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The glucose used in cellular respiration comes from the food you eat which is broken down in your digestive system. It passes into the blood by diffusion and is carried around your body to the cells. The oxygen needed by the cells comes into the body in the air moved into the breathing system. It passes into the blood by diffusion and is carried around the body by the circulatory system. The oxygen moves into the cells from the blood down a concentration gradient.
The carbon dioxide produced during cellular respiration is poisonous so it must not be allowed to build up in the cells. It passes into the bloodstream by diffusion down a concentration gradient and is carried back to the lungs in the blood. There the carbon dioxide passes into the air by diffusion and is removed from the body in the air which is breathed out.
In a small single-celled organism such as an amoeba, simple diffusion is enough to supply the needs of the cell. Useful substances such as oxygen can diffuse in from the surroundings and waste products can diffuse out fast enough for the organism to survive successfully.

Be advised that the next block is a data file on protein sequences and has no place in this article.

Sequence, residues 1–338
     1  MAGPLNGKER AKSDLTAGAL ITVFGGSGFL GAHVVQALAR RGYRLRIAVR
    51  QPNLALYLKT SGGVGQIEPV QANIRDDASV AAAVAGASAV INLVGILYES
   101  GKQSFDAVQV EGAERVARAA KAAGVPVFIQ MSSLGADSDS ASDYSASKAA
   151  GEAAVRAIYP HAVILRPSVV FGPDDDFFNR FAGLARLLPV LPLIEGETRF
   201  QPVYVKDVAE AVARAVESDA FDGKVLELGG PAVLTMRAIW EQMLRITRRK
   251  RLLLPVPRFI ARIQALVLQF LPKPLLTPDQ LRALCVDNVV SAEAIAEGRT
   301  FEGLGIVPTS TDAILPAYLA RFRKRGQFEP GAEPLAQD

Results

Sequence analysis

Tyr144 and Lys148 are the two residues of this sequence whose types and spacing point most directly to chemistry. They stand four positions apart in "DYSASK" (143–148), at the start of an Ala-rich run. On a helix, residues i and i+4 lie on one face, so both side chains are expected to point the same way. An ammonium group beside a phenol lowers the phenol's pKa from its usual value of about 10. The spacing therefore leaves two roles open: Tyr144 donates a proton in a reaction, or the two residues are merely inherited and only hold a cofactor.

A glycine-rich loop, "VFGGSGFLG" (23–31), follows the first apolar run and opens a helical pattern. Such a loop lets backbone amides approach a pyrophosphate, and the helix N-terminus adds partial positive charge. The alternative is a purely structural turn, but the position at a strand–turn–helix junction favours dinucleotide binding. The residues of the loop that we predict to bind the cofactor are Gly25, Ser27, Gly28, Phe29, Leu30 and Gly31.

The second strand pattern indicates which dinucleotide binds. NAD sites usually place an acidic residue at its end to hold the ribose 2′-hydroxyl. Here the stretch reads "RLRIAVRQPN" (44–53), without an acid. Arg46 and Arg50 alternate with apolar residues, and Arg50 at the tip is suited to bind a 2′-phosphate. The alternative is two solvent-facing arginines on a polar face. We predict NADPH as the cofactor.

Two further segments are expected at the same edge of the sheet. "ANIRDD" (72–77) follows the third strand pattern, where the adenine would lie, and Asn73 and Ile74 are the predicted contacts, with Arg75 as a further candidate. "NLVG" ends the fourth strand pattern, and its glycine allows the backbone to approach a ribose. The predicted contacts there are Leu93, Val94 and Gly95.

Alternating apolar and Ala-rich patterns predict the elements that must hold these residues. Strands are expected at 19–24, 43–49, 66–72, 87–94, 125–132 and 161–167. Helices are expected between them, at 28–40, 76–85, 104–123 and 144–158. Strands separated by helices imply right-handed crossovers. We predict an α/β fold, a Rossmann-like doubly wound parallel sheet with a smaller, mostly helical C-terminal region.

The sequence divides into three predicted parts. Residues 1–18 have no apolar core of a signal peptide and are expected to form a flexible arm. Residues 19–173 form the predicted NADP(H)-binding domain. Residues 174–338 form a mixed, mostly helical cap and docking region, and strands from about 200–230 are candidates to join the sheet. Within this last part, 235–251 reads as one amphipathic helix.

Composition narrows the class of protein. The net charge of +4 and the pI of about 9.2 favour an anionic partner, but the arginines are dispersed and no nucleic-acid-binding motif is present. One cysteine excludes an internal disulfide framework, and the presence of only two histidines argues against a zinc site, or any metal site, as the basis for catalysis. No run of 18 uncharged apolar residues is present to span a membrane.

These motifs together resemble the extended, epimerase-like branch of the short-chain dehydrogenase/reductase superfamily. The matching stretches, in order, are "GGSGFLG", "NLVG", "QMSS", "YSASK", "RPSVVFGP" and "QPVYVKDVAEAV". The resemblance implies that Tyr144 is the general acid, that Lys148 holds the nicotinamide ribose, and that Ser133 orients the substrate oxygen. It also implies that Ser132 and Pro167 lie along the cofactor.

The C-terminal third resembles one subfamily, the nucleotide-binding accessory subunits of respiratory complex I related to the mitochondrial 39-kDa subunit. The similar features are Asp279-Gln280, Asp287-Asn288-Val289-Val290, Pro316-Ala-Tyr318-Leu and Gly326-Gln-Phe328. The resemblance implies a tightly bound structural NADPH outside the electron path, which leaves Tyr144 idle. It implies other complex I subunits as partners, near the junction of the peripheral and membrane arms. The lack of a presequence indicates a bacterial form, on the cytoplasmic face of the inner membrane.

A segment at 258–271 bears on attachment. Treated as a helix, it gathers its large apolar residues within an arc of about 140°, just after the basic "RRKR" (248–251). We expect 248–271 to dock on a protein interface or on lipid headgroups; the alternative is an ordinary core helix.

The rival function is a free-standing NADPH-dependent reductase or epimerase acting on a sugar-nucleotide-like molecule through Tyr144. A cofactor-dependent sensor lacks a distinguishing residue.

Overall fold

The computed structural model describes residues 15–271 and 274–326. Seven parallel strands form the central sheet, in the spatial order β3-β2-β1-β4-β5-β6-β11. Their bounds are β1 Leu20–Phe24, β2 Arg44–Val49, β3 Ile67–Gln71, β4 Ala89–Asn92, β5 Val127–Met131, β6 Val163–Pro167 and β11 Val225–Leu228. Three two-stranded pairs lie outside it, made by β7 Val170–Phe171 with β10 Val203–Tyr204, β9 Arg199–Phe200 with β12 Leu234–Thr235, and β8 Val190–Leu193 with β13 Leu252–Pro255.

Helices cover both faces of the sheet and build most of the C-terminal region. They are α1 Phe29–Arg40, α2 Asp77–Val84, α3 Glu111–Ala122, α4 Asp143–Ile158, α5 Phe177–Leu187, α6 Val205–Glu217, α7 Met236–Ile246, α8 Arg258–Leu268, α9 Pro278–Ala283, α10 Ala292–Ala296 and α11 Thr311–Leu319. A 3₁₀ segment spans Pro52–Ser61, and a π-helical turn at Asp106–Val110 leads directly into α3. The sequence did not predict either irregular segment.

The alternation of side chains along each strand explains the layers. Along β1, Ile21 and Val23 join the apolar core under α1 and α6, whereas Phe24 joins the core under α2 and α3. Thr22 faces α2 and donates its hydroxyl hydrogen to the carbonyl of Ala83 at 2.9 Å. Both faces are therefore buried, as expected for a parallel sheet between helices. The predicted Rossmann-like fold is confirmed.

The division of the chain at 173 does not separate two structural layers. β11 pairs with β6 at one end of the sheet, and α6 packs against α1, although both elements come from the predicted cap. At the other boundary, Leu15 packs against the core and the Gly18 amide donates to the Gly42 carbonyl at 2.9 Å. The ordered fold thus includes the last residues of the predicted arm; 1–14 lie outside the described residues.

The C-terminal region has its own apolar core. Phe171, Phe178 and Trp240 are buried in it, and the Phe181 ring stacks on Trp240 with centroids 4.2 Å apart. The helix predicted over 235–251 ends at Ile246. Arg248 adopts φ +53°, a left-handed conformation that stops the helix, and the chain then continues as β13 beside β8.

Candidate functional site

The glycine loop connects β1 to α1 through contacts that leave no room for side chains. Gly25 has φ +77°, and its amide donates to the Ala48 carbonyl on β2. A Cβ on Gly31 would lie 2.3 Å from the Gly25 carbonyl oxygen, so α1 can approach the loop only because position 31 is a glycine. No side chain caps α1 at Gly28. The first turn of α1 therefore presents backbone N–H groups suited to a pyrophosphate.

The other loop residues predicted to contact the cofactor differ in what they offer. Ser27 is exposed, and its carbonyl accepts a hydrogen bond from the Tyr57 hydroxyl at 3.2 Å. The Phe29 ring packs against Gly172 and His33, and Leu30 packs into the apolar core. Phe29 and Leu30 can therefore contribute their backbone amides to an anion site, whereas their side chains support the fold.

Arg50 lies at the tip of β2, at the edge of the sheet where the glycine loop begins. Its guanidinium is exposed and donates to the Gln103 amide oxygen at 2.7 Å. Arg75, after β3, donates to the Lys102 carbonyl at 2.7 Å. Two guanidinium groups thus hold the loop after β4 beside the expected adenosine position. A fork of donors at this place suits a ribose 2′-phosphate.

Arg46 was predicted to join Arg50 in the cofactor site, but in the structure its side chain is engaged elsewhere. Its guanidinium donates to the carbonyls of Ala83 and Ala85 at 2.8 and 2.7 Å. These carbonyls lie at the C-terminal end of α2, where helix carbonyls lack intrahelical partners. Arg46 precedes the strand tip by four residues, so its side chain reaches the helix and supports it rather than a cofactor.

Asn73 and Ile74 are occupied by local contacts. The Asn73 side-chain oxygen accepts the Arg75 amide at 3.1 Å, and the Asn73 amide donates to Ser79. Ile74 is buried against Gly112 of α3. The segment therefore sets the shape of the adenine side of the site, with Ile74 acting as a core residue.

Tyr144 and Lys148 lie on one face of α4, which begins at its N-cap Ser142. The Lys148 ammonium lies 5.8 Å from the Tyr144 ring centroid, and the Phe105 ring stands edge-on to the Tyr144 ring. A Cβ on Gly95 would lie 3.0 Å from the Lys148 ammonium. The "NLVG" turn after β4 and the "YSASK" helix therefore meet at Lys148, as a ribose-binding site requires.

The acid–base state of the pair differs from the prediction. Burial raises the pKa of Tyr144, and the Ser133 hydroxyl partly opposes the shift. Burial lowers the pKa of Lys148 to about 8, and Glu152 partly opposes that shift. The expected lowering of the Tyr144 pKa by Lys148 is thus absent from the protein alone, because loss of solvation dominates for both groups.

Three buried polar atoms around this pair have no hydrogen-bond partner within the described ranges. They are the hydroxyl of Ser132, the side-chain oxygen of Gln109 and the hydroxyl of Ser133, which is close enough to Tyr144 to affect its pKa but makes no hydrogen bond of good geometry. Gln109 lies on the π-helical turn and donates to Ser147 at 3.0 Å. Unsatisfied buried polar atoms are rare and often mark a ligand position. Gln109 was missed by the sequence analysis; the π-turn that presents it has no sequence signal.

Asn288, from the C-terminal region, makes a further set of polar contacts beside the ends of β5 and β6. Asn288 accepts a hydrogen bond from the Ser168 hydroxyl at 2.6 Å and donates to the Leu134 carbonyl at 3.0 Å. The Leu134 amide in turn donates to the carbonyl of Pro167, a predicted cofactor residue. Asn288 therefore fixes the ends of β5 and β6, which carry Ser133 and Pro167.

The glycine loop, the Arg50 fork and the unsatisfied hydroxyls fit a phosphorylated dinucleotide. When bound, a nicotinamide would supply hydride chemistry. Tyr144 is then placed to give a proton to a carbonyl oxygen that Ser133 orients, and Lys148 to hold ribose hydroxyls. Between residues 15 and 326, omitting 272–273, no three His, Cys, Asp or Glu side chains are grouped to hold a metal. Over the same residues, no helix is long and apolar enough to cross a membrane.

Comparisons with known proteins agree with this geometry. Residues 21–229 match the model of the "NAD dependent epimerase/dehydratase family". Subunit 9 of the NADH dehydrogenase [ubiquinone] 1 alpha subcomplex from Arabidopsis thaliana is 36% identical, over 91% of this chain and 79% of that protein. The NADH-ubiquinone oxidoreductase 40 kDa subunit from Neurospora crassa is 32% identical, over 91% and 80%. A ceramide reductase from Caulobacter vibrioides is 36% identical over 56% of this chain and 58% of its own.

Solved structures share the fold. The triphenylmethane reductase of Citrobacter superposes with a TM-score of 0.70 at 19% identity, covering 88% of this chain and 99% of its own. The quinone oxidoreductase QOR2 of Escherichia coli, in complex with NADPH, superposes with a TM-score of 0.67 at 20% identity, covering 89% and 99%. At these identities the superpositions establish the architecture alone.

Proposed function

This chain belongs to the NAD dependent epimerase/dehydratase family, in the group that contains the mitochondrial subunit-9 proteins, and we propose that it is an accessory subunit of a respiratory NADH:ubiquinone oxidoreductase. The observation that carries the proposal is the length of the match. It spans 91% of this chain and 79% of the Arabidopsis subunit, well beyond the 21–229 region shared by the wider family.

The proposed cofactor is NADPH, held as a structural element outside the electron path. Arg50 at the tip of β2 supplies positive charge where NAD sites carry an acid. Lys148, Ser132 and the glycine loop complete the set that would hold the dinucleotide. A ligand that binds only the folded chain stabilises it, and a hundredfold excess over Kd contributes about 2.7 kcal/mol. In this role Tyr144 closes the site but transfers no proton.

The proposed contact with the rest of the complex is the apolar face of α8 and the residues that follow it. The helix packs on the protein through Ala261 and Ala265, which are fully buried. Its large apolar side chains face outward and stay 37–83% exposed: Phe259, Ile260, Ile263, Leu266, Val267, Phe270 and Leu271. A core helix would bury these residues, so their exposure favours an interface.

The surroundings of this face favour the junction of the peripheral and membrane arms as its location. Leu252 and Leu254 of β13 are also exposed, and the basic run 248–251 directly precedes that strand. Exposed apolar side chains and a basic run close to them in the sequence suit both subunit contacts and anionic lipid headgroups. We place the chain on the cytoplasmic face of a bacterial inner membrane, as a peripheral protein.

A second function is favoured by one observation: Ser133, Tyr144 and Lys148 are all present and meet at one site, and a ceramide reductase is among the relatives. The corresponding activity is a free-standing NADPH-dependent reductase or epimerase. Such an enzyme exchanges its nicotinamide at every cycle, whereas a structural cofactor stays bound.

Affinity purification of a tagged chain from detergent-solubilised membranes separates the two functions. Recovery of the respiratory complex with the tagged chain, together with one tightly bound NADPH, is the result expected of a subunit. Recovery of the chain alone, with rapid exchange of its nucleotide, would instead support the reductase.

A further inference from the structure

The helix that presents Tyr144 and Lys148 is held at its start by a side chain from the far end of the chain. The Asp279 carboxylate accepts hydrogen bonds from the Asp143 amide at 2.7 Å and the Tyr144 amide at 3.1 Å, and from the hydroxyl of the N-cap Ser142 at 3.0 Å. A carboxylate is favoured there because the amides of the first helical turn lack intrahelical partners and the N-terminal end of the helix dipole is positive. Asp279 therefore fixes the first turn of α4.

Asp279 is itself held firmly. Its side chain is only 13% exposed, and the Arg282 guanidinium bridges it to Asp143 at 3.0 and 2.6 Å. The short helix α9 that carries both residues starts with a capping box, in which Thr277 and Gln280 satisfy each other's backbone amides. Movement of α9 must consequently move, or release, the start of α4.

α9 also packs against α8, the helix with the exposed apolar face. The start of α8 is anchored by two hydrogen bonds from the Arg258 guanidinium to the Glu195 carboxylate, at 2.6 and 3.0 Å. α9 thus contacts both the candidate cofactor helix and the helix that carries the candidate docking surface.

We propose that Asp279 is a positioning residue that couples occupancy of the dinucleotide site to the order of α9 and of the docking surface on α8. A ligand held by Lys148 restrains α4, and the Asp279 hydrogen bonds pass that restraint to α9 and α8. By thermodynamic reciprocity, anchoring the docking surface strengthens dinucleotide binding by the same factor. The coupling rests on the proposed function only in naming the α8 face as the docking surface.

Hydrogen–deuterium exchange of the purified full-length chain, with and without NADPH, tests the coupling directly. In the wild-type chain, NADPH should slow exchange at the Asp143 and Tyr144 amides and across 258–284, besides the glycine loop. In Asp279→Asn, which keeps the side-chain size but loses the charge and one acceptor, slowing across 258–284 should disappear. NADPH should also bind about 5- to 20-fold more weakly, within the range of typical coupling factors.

However, as organisms get bigger, the surface area to volume ratio gets smaller. As a result, simple diffusion is no longer enough. The surface area is not large enough for sufficient diffusion to take place, particularly in active organisms which need a lot of oxygen and make a lot of carbon dioxide. A specialised breathing system linked to a transport system becomes necessary.
A specialised breathing system makes sure that oxygen is brought into the body and carbon dioxide is removed. The breathing system is also known as the respiratory system but this can cause confusion. Respiration takes place in the cells and breathing takes place in the airways and the lungs – they are not the same thing.
The structures of the breathing system are closely related to their function:
A simple model of the human breathing system
Ciliated epithelial cells move mucus, dirt and pathogens out of the breathing system, protecting the lungs from damage and disease.